There are a number of factors that add wrinkles to our foreheads when growing fruit trees. The vagaries of the weather, early spring frosts and the associated deterioration of the blossom of future fruit are a problem faced by many a garden and orchard. Frost-resistant apple varieties, which also have the property of some frost resistance in the flowers, may be a suitable solution. It is a solution for saving effort, time and all the effort involved in frost protection measures. However, hardy apple trees do not have their name of hardiness only because of the low temperatures and the threat of frost to the wood and the blossom.

Disease resistance is a big plus for some varieties

Having a resistant apple tree in the orchard with no health problems and one that easily succumbs to common diseases can be an eye-catching contrast. But the difference doesn't have to be just about effective and ineffective chemical spraying. The difference may be made up by the particular characteristics of each variety. The resistant apple trees on, composed of new generations of apple trees, boast resistance to scab (Venturia inaequalis), powdery mildew (Podosphaera leucotricha) and scarlet fever (Erwinia amylovora). Three significant health problems that can be avoided by choosing one of the apple trees on offer.

The choice of such trees is not limited to certain colours, storability and stature. There are both columnar trees suitable for small gardens ( Aroma Spur GELB-ROT, Aroma Spur Gold, Aroma Spur Grun, or the well-known variety with good shelf life, Redcats, and others) and trees with a classic voluminous crown and growth.

An attractive variety is Ladina, which is a cross between Topas and the popular Fuji variety. The fungus-resistant tree impresses with quality fruit that can be stored in the cellar until February. The slower-growing Rebella also impresses with its resistance to certain pests. Santana is characterised by its stronger growth. The undeniable advantage of the trees on offer is the fact that they are offered in a container. They are not free-rooting, which allows planting apple trees even during flowering or fruiting.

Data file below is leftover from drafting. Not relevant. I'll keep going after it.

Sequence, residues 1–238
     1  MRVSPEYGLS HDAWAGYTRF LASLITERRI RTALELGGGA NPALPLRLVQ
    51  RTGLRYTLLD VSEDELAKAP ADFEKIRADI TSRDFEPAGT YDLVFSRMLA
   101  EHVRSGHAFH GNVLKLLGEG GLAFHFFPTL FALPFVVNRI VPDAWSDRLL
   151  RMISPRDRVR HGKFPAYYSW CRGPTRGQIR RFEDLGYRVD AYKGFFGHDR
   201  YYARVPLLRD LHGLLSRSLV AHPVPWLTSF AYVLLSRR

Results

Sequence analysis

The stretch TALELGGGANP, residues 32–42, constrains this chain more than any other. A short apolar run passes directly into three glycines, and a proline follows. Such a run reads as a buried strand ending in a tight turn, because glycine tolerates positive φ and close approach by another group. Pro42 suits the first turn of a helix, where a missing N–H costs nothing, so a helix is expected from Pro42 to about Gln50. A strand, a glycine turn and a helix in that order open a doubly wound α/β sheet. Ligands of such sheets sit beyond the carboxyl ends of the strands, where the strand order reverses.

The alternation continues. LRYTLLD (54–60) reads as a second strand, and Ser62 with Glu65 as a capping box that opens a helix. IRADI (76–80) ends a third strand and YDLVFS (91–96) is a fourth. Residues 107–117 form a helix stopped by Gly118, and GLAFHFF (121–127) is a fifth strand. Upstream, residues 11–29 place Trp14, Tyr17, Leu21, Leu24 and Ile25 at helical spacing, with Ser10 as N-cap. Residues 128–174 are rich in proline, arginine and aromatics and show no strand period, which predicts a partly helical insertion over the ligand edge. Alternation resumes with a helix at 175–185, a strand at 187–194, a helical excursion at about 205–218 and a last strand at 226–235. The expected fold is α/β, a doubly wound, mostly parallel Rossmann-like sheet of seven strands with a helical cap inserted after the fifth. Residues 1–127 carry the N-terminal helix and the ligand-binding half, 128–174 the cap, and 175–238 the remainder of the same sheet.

Organic as both a lifestyle and a nutritional principle

It is the resistance of apple trees that provides an opportunity for organic cultivation without the use of unnecessary chemistry. Growers who prefer so-called "organic" growing conditions can appreciate trees that do not need the support of chemistry for their healthy growth, yield and to maintain the vitality of the whole plant. People with serious illnesses, people sensitive to the use of chemistry, but also people demanding to consume crops grown in a biologically, or more precisely, ecologically clean environment.

In any case, even a tree that does not need major chemical treatment will appreciate regular pruning and a permeable, nutrient-rich soil, or fertilisation with natural fertilisers, compost, etc. Another welcome feature of hardy apple trees is the rapid onset of fruiting in many species. This means less waiting for the fruits of your labour in the garden and the joy of fruit to come sooner.